Vitamin B12 Deficiency: Causes, Symptoms, and Treatment

In order to stay healthy vitamin B12 should be enough and ensured to be made more. A lot of things for the body are done by Vitamin B12. As an example, it helps make the DNA and the red blood cells Since Vitamin B12 is not made by the body, it has to be taken from animal-based […]
In order to stay healthy vitamin B12 should be enough and ensured to be made more. A lot of things for the body are done by Vitamin B12. As an example, it helps make the DNA and the red blood cells

Since Vitamin B12 is not made by the body, it has to be taken from animal-based foods or from supplements. And this should be done on a frequent basis, because the body doesn’t store vitamin B12 for a long time.

How Much Vitamin B12?

The answer depends on factors including your age, eating habits and medical conditions, and what medications being taken.

The average suggested amounts to be consumed, measured in micrograms (mcg), differ by age:

  • Infants up to age 6 months: 0.4 mcg
  • Babies age 7-12 months: 0.5 mcg
  • Children age 1-3 years: 0.9 mcg
  • Kids age 4-8 years: 1.2 mcg
  • Children age 9-13 years: 1.8 mcg
  • Teens age 14-18: 2.4 mcg (2.6 mcg per day if pregnant and 2.8 mcg per day if breastfeeding)
  • Adults: 2.4 mcg (2.6 mcg per day if pregnant and 2.8 mcg per day if breastfeeding)

Vitamin B12 – Food Sources

Vitamin B12 can be found in animal foods, which have it naturally, or from items that have been fortified with it.

Sources of animal include dairy products, eggs, fish, meat, and poultry. If food fortified with B12 is being looked for, check the product’s Nutrition Facts label.

Vitamin B12 – Deficiency

This nutrient is found enough in most people in US. If not sure, then the doctor should be consulted for the requirement of blood test if needed to check level of Vitamin B12

It can become harder to absorb this vitamin with growing age. It can also happen because of past medical history such as weight loss surgery or another operation that removed part of the stomach, or if drinking heavily.

Chances for developing vitamin B12 deficiency are more if having:

  • Atrophic gastritis, in which the stomach lining has thinned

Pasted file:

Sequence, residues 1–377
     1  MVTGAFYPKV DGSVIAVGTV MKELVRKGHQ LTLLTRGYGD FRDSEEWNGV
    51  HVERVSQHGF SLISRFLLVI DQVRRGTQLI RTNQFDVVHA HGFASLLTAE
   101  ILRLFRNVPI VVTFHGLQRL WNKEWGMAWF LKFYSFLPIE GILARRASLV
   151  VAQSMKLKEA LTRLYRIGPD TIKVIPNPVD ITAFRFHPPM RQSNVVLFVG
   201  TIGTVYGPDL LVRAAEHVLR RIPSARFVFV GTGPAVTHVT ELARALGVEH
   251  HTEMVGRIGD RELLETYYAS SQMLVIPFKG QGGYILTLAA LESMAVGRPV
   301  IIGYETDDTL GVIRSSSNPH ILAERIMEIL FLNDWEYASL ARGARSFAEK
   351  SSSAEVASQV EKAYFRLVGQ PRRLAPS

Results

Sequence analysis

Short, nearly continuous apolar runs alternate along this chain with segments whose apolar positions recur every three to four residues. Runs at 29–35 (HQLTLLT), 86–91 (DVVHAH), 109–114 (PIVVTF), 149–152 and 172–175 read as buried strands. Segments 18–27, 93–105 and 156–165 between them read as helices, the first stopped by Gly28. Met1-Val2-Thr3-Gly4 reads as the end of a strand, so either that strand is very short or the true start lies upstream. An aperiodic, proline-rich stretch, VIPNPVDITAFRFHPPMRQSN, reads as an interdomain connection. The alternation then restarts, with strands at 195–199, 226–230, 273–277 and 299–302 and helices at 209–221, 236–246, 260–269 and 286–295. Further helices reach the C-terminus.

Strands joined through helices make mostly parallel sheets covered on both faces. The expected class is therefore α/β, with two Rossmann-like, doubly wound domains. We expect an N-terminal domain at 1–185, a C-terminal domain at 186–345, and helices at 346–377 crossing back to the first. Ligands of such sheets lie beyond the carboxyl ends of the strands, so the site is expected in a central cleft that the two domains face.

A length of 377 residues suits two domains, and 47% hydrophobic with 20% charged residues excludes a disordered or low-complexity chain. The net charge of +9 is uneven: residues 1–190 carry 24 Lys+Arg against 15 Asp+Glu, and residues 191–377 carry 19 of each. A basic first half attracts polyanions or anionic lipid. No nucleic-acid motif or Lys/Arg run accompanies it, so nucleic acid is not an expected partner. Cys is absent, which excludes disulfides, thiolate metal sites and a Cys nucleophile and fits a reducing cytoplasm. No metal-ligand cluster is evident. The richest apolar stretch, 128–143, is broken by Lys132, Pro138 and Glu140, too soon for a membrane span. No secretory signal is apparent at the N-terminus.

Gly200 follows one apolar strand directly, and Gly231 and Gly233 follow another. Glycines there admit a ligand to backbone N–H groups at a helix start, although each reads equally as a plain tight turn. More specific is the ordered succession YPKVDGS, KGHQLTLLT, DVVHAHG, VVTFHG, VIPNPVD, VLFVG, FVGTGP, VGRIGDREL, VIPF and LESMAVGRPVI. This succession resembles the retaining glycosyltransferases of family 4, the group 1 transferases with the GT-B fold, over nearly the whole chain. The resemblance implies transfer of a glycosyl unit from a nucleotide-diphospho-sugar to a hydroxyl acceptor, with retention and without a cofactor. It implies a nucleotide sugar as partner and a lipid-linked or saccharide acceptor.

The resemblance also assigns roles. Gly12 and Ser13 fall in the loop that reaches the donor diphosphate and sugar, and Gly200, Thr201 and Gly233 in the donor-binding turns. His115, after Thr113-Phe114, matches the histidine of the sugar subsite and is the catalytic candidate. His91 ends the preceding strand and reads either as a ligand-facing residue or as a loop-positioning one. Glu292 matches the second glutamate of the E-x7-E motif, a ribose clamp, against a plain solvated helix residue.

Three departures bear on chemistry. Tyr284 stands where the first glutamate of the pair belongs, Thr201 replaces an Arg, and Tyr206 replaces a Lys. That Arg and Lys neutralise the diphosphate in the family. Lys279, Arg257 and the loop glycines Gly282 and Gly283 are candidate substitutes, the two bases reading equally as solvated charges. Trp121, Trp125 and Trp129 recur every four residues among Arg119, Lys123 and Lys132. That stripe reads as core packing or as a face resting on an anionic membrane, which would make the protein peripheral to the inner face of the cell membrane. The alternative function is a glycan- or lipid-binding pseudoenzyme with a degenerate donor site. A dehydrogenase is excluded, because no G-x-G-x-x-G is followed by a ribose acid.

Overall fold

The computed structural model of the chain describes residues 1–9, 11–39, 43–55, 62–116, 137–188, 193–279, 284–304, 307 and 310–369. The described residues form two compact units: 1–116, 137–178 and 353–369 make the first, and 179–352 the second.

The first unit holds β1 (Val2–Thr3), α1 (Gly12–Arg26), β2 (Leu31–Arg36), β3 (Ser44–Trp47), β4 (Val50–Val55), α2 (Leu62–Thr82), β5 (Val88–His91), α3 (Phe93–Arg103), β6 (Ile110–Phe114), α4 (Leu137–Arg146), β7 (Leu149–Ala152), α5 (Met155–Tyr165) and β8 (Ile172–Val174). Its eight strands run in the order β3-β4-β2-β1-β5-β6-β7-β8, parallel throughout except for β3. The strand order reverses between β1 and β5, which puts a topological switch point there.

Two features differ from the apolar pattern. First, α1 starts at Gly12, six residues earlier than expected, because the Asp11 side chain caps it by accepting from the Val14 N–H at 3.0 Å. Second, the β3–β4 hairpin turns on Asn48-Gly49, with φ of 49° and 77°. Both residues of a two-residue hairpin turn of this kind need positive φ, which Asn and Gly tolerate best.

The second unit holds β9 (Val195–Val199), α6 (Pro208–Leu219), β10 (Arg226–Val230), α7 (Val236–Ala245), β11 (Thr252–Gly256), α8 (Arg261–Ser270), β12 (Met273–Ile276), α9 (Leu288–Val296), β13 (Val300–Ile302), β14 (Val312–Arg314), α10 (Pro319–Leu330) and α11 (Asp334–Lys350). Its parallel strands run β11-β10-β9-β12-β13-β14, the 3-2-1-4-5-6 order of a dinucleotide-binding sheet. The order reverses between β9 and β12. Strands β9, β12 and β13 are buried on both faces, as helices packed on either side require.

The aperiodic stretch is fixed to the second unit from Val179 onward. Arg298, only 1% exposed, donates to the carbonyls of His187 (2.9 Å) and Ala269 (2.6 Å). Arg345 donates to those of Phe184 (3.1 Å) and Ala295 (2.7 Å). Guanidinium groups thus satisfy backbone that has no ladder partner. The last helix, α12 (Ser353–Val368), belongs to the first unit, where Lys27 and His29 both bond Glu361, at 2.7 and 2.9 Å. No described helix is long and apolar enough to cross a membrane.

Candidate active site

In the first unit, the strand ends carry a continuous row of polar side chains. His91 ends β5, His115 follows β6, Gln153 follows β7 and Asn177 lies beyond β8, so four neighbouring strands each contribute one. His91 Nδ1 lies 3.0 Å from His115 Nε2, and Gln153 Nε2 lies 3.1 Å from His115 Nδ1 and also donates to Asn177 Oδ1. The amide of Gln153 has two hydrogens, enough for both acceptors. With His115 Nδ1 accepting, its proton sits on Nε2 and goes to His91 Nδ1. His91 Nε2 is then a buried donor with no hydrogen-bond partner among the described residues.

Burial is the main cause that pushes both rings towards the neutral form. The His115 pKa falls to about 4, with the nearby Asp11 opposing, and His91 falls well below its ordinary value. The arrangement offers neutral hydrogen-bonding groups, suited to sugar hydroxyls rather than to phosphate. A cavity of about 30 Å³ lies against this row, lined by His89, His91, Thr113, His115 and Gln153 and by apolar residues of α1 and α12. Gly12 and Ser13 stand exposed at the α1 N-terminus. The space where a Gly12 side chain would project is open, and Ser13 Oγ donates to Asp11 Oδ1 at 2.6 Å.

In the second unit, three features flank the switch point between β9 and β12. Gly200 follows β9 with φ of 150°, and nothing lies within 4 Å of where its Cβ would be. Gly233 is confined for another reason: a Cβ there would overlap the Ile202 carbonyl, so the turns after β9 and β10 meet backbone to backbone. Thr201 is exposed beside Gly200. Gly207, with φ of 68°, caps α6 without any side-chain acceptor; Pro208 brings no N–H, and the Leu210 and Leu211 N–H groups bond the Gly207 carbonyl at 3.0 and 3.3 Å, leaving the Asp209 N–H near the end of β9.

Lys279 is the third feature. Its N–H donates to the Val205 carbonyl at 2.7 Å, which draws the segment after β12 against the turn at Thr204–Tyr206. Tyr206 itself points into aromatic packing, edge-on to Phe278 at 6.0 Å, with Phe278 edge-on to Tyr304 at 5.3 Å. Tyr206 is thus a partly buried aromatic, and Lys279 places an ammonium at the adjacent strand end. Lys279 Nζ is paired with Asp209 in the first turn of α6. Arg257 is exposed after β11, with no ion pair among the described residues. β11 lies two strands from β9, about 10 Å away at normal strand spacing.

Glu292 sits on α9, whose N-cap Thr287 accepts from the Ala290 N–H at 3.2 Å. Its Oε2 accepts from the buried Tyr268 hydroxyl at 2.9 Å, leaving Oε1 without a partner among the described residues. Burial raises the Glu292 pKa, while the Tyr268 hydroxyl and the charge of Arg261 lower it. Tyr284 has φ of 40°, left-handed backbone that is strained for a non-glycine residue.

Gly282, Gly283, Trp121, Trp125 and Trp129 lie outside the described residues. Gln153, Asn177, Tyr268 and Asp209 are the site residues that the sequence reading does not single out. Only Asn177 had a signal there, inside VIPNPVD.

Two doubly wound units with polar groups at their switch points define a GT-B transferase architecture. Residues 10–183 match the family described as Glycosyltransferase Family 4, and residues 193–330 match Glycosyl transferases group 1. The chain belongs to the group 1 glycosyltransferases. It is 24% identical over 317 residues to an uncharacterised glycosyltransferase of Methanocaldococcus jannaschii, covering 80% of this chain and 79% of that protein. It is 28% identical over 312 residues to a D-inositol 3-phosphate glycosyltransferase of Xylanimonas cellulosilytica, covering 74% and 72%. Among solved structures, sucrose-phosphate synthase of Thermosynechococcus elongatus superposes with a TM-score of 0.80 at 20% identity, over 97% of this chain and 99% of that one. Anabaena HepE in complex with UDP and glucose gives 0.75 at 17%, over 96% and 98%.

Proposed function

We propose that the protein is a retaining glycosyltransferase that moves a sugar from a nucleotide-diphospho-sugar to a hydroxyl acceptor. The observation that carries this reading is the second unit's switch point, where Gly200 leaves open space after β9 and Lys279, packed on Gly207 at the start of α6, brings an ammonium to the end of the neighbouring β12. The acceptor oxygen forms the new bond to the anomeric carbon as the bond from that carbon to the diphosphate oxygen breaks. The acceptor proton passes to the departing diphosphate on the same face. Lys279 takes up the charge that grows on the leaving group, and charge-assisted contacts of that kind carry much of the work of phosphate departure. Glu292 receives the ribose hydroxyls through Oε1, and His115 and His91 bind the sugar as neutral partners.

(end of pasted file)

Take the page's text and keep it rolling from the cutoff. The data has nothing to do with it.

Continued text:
• Pernicious anemia, which makes it difficult for the body to absorb vitamin B12
  • Conditions affecting the small intestine, such as Crohn’s disease, celiac disease, bacterial growth, or a parasite
  • Immune system disorders, such as Graves’ disease or lupus
  • Certain medications being consumed that interfere with the absorption of B12 which includes some heartburn medicines including proton pump inhibitors (PPIs) such as esomeprazole (Nexium), lansoprazole (Prevacid), omeprazole (Prilosec OTC), pantoprazole (Protonix), and rabeprazole (Aciphex), H2 Blockers such as cimetidine (Tagamet) and famotidine (Pepcid AC); and certain diabetes medicines such as metformin (Glucophage).

Vitamin B12 deficiency can also happen if following a vegan diet that is not eating any animal products, including meat, milk, cheese, and eggs or  a vegetarian who doesn’t eat enough eggs or dairy products to meet the vitamin B12 requirements. In both of those cases, fortified foods can be added to the diet or supplements can be taken to meet this need.

Pregnant or New Mom

If a pregnant woman is on a vegan or vegetarian diet, and plans to only breastfeed the baby, the doctor should be consulted before having a baby, so that a plan is in place for how to get enough vitamin B12 to keep the baby healthy.

The baby could have developmental delays and not thrive and grow like he should due to lack of vitamin B12.

Vitamin B12 Deficiency – Symptoms

If having vitamin B12 deficiency, there is a chance of becoming anemic. No symptoms may be caused with mid deficiency. But if not treated, it may lead to symptoms such as:

  • Weakness, tiredness, or lightheadedness
  • Heart palpitations and shortness of breath
  • Pale skin
  • A smooth tongue
  • Constipation, diarrhea, loss of appetite, or gas
  • Nerve problems like numbness or tingling, muscle weakness, and problems walking
  • Vision loss
  • Mental problems like depression, memory loss, or behavioral changes

Vitamin B12 Deficiency – Treatment

If having pernicious anemia or having trouble in the absorption of vitamin B12, vitamin shots will be first required. These shots are to be kept taken, or taking high doses of a supplement by mouth, or getting it nasally after that.

Options are available if not eating animal products. The diet can be changed to include vitamin B12-fortified grains, a supplement or B12 injections, or a high-dose oral vitamin B12 if deficient.

Adults who are older and having a vitamin B12 deficiency will likely have to take a daily B12 supplement or a multivitamin that contains B12.

For most people, the problem is resolved by treatment. But, any nerve damage can be permanent that happened due to the deficiency

Vitamin B12 Deficiency – Prevention

Vitamin B12 deficiency cannot be prevented by most people by eating enough meat, poultry, seafood, dairy products, and eggs.

If not eating animal products, or having a medical condition that restricts the wellness of the body to absorbs nutrients, vitamin B12 in a multivitamin or other supplement and foods fortified with vitamin B12 can be taken.

The doctor should be informed if choosing to take vitamin B12 supplements, so they can tell how much it may be needed, or making sure they won’t affect any medicines already being taken

 

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